Friday, October 12, 2007

To my friends

I am dedicating this post to my friends. All my friends, known and unknown, knowing and unknowing.

Writing this blog, I use the experiences of my life. My gay life. And I am ever talking about being gay, and being what I am, a Ugandan, an African. Yet I realise that many of my Ugandan friends simply do not know what I mean when I use some of these terms.

Sexual Orientation is what the scientists call our attraction to another sexually. One is most commonly attracted to those of the opposite sex. That is the heterosexual orientation. But one can be attracted to the same sex, the homosexual orientation. Or to both: bisexual.

I am a homosexual. I was born that way, far as I know. For a long time I denied it. I said and thought that it could not be true. Then I did accept it. Accepted that I was a homosexual, attracted to other men.

I am also gay.

Yes, one can be homosexual, and not gay. For example, Senator Craig insists he is not gay. Of course he is not. But there is a lot of evidence that he may be homosexual. Pastor Ted Haggard too.

To be gay or kuchu is to accept your sexual orientation. To accept that one is different. To go ahead and affirm that being homosexual does not decrease your worth as a human being.

I am gay. And I have taken it a step further. I have raised the rainbow flag, decided to embrace the struggle for equality of the gay community in my country. Uganda.

Once I did not think this way, but now I do. I am homosexual. Gay, and that does not make me any less a Ugandan. Or un-African. However much other people may insist that my sexual orientation is ‘un-African,’ ‘immoral’, ‘against culture’, that I learnt it from the decadent west.

Yet, I could have stopped at being homosexual. I could have accepted the majority view that because I was born homosexual, I am bad, less than human, a sinner, and worse.

I could have tried desperately to change. Doctors say it is impossible. I tried. There are many homosexuals who try to change. I am thankful I failed, and accepted myself. Some do not.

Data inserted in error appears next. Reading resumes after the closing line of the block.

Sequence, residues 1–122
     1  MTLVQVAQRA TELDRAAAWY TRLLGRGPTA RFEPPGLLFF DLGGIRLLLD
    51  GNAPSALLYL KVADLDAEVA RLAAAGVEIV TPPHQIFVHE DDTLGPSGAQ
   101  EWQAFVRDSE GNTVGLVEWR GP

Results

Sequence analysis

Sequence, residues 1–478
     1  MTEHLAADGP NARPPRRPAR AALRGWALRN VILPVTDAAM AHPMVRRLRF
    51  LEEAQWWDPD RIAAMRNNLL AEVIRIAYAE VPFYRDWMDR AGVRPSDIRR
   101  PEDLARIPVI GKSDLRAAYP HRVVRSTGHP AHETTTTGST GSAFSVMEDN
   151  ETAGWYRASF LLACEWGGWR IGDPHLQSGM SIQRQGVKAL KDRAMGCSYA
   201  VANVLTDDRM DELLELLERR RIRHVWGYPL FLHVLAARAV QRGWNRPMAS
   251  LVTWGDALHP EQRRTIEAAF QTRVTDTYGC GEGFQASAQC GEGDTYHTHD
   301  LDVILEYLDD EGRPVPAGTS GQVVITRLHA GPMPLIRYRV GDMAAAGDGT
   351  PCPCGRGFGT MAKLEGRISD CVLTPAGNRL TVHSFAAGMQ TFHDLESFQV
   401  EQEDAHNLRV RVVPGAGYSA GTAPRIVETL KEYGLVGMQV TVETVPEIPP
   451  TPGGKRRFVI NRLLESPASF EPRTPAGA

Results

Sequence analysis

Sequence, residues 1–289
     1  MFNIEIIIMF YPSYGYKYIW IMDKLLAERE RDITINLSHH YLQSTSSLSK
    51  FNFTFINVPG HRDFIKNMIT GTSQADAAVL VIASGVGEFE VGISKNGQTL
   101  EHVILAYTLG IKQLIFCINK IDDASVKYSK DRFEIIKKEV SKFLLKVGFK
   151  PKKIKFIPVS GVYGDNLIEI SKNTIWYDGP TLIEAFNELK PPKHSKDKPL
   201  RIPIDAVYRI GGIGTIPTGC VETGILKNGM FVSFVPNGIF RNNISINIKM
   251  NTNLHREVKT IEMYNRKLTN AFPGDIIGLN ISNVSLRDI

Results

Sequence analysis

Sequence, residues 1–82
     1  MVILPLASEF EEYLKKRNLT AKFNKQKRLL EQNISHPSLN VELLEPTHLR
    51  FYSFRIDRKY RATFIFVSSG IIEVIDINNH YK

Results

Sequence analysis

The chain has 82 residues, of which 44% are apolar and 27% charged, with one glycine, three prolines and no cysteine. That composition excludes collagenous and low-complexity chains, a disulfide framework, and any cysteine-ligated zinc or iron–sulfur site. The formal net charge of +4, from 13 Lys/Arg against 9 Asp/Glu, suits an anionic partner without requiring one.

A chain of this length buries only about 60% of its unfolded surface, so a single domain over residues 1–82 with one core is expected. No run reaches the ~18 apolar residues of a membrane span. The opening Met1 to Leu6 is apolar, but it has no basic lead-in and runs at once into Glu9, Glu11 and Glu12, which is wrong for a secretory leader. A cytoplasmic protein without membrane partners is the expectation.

I could have walked the straight path. Gotten married. Had children. And maybe had my lovers on the side.

My lover believes in monogamy. He would not have accepted being on the sidelines. I know it happens a lot.

What actually started me off on this was this story. From Israel. Click the link and read it.

Guy like me. Homosexual. Took the straight path. Got married, 20 years! Had 4 sons, was an ultra-orthodox Jew. He tried his best to be straight, and failed. He got a lover, a male lover. But still he was not happy in his marriage.

He talked to his wife. Told her a partial truth; that he was transgender. Maybe to him it seemed a ‘lesser evil’. The lady took it well, but later, went on to seek a divorce. Marriage broken down.

The guy killed himself. His family was rejected by his community. Hypocrites, but then, that is society.

That could easily have been a script for my life. Because 95% of my country men disapprove of my sexuality.

But I cannot change my sexuality. Ssempa says that he can do that for me. I am a bit dubious of his claims. He is not a medical doctor. Maybe he is a witchdoctor.

I will not hide, because I am a man attracted to men, in Uganda.

I will say that I am me, a homosexual, a Ugandan, an African, and a human being.

I will pray desperately that my friends understand me. But I will not be less than what I am, because they disapprove.

GayUganda

2 comments:

Sasha said...

Acceptance is very difficult to get. But the hardest one is to give it to yoursef! I'm gay, i love men, that's who i am, who i'll always be. The rest can just deal with it!

gayuganda said...

Hi Sasha,

you've hit it on the head. When I accepted myself, didnt matter that my president thought there were no gay ugandans.

Thats why it is such a pity that so many of that fail to accept ourselves.

And more kudos for those who accept themselves!

gug

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